Guidelines
  • Therapeutic Lifestyle Changes approach
  • Total energy intake energy expenditure
  • Total fat should not exceed 25-35 of diet
  • Avoid trans fatty acids
  • CHO mainly from complex CHOs

22
National Cholesterol Education Program (NCEP)
Guidelines
  • Total protein from sources other than animals
    should be included
  • Total cholesterol intake lt 200mg/day
  • Exercise to expend at least 200 kcals/day

23
Drug Therapy
  • In the event that LDL cholesterol is above goal
    range, drug therapy may be added to diet therapy
    depending on the level of risk

24
Acute Cardiovascular Disease
  • May be associated with MI
  • When CV disease progresses to the point of
    cutting off the blood supply to major coronary
    arteries, a critical vascular event heart
    attack/MI- may occur.
  • After an infarction, enzymes and proteins are
    released from the damaged heart muscle cardiac
    markers
  • can be measured in blood tests CPK,
  • TROPONIN is heart muscle- specific

25
Acute Cardiovascular Disease
  • Initial phase Objective cardiac rest
  • Immediate care includes analgesics and
    supplemental oxygen
  • All care, including diet, is directed toward
    ensuring that the heart rests so that the damaged
    heart can be restored to normal functioning

26
Acute Cardiovascular Disease
  • Principles of diet therapy
  • Reduced energy intake (1200-1500 kcal) a brief
    period of reduced energy intake during the first
    day or so after the heart attack reduces the
    metabolic workload on the damaged heart.
  • Soft food texture easily digested to avoid
    excess effort in eating or the discomfort of gas
    formation
  • Controlled amount and type of fat
  • Mild sodium restriction (2-3 g/day)

27
Chronic Heart Disease
  • CHF and pulmonary edema
  • The progressively weakened heart muscle is unable
    to maintain an adequate cardiac output to sustain
    normal circulation ? fluid imbalance? pulmonary
    edema.

28
Chronic Heart Disease
  • Objective control of pulmonary edema and
    resulting fluid imbalance
  • Mild-severe sodium restriction
  • Fluid restriction often limited to 1500 ml.
    /day
  • Texture soft foods
  • Small meals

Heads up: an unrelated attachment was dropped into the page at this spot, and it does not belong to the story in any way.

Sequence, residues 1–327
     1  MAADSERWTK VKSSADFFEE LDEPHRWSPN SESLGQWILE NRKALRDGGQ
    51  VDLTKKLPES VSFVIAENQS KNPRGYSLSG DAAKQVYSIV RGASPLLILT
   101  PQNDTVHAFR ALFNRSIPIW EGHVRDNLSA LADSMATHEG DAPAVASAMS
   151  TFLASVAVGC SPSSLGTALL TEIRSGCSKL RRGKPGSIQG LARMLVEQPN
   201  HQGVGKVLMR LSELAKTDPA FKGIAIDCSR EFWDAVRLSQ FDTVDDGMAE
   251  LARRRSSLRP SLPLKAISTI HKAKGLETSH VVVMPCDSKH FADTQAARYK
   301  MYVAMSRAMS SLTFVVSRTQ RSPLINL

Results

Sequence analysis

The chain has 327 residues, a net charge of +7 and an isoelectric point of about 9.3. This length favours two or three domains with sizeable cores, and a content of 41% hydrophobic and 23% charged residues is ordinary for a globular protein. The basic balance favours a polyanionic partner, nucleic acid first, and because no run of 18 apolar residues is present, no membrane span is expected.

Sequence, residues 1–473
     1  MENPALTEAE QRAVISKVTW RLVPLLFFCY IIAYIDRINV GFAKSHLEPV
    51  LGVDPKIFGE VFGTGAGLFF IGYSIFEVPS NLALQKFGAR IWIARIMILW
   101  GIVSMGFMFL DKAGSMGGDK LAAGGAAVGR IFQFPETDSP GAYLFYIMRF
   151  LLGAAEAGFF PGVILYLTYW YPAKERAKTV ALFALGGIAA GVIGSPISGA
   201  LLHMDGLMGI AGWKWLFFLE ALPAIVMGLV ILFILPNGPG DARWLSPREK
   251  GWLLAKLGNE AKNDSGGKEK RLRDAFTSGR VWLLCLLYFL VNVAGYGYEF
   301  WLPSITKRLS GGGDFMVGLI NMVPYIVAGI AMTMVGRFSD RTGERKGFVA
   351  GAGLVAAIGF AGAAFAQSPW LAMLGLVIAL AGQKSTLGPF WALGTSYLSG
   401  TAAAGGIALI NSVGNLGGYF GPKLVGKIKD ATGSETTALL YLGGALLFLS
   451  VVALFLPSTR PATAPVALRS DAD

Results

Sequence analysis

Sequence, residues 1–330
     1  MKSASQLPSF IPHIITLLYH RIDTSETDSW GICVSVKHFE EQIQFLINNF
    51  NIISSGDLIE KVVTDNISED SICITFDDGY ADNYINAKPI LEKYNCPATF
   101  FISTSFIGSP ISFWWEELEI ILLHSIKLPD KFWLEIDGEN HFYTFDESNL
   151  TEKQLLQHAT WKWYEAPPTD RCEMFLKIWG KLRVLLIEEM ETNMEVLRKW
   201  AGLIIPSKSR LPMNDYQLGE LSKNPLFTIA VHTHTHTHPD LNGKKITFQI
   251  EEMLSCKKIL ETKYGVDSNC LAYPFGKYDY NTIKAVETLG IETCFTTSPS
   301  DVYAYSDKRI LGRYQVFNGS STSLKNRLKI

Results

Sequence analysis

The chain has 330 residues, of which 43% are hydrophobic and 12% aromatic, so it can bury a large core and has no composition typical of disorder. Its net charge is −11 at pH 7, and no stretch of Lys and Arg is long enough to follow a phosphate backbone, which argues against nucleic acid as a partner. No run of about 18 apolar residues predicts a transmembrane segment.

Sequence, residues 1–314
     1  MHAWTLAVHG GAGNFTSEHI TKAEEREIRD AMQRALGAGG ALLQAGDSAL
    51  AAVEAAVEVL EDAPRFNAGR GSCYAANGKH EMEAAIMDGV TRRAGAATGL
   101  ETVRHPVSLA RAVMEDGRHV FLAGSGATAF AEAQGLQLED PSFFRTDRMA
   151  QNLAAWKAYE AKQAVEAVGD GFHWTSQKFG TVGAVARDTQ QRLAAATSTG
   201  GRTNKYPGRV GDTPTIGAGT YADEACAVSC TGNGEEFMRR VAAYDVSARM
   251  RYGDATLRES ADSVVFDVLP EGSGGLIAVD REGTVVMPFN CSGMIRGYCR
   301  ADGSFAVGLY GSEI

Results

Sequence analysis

• Alcohol limited or avoided

29
Essential Hypertension
  • Hypertension called the silent disease
  • Essential HTN specific cause is unknown
  • Secondary HTN HTN is a symptom or side effect
    of another primary condition
  • Risk Factors
  • Highly inherited disorder
  • Obesity worsens
  • Can begin in adolescent years
  • Made worse by physical inactivity, stress,
    alcohol and drug use, and salt intake.

30
Types of Hypertensive Blood Pressure Levels
  • Adult normal BP 120/80 or below
  • Stage 1 hypertension
  • Focus on diet therapy, without drugs
  • Reduce excess weight and restrict sodium
  • Stage 2 hypertension
  • Diet therapy and drugs, as needed
  • Use of diuretic and potassium replacement
  • Stage 3 hypertension
  • Diet therapy and vigorous drug therapy

31
Principles of Medical Nutrition Therapy
  • Weight managementlose weight and maintain
    appropriate weight for height
  • Increase Physical activity
  • Sodium control
  • Other mineralscalcium, magnesium may be
    beneficial

32
Principles of Medical Nutrition Therapy
  • DASH diet Dietary Approaches to Stop
    Hypertension
  • 4-6 servings fruit
  • 4-6 veggie
  • 2-3 low-fat dairy
  • Lean meats
  • High-fiber grains
  • 14 days to lower B/P

33
Education and Prevention Practical Food Guides
  • Food planning and purchasing
  • Control energy intake read labels
  • Eat fresh foods with small selection of processed
    foods, if any

34
Education and Prevention Practical Food Guides
  • Food preparation
  • Use less salt and fat
  • Use seasonings instead (herbs, spices, lemon,
    onion, garlic, etc.)
  • Take time to cook
  • Special needs individual adaptation of diet
    principles according to preferences, ethnic
    diets, and food habits

35
Education Principles
  • Start early
  • Prevention begins in childhood, especially with
    children in high-risk families
  • Focus on high-risk groups
  • Direct education to people and families with risk
    of heart disease and hypertension

36
Education Principles
  • Use variety of resources
  • National organizations, community programs,
    registered dieticians